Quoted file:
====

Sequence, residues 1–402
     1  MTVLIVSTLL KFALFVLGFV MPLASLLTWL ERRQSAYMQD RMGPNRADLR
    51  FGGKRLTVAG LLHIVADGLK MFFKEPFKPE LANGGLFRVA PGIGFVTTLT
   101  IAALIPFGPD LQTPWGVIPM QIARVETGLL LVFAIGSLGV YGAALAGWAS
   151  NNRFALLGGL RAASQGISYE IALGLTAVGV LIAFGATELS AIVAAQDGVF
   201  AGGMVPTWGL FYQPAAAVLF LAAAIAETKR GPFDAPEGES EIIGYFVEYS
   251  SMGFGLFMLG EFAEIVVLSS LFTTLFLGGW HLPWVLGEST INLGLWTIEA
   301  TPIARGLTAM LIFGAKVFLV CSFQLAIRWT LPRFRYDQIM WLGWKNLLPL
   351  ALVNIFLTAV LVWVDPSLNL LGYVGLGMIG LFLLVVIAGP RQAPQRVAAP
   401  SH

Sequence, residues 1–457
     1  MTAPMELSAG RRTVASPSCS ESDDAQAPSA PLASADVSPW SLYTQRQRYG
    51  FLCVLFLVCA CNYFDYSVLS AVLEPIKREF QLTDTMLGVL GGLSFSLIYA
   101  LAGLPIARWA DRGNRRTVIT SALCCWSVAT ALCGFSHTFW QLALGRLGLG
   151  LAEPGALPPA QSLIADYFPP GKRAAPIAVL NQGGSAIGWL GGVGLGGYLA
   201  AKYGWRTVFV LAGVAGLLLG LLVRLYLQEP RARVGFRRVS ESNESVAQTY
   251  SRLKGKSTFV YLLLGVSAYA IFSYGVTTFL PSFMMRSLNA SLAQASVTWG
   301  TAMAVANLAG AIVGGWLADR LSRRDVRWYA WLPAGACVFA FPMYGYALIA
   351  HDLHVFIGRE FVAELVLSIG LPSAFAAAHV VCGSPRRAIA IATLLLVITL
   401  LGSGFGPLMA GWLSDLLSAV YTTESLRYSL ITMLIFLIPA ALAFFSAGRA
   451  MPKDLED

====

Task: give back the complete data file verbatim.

Sequence, residues 1–402
     1  MTVLIVSTLL KFALFVLGFV MPLASLLTWL ERRQSAYMQD RMGPNRADLR
    51  FGGKRLTVAG LLHIVADGLK MFFKEPFKPE LANGGLFRVA PGIGFVTTLT
   101  IAALIPFGPD LQTPWGVIPM QIARVETGLL LVFAIGSLGV YGAALAGWAS
   151  NNRFALLGGL RAASQGISYE IALGLTAVGV LIAFGATELS AIVAAQDGVF
   201  AGGMVPTWGL FYQPAAAVLF LAAAIAETKR GPFDAPEGES EIIGYFVEYS
   251  SMGFGLFMLG EFAEIVVLSS LFTTLFLGGW HLPWVLGEST INLGLWTIEA
   301  TPIARGLTAM LIFGAKVFLV CSFQLAIRWT LPRFRYDQIM WLGWKNLLPL
   351  ALVNIFLTAV LVWVDPSLNL LGYVGLGMIG LFLLVVIAGP RQAPQRVAAP
   401  SH

Sequence, residues 1–457
     1  MTAPMELSAG RRTVASPSCS ESDDAQAPSA PLASADVSPW SLYTQRQRYG
    51  FLCVLFLVCA CNYFDYSVLS AVLEPIKREF QLTDTMLGVL GGLSFSLIYA
   101  LAGLPIARWA DRGNRRTVIT SALCCWSVAT ALCGFSHTFW QLALGRLGLG
   151  LAEPGALPPA QSLIADYFPP GKRAAPIAVL NQGGSAIGWL GGVGLGGYLA
   201  AKYGWRTVFV LAGVAGLLLG LLVRLYLQEP RARVGFRRVS ESNESVAQTY
   251  SRLKGKSTFV YLLLGVSAYA IFSYGVTTFL PSFMMRSLNA SLAQASVTWG
   301  TAMAVANLAG AIVGGWLADR LSRRDVRWYA WLPAGACVFA FPMYGYALIA
   351  HDLHVFIGRE FVAELVLSIG LPSAFAAAHV VCGSPRRAIA IATLLLVITL
   401  LGSGFGPLMA GWLSDLLSAV YTTESLRYSL ITMLIFLIPA ALAFFSAGRA
   451  MPKDLED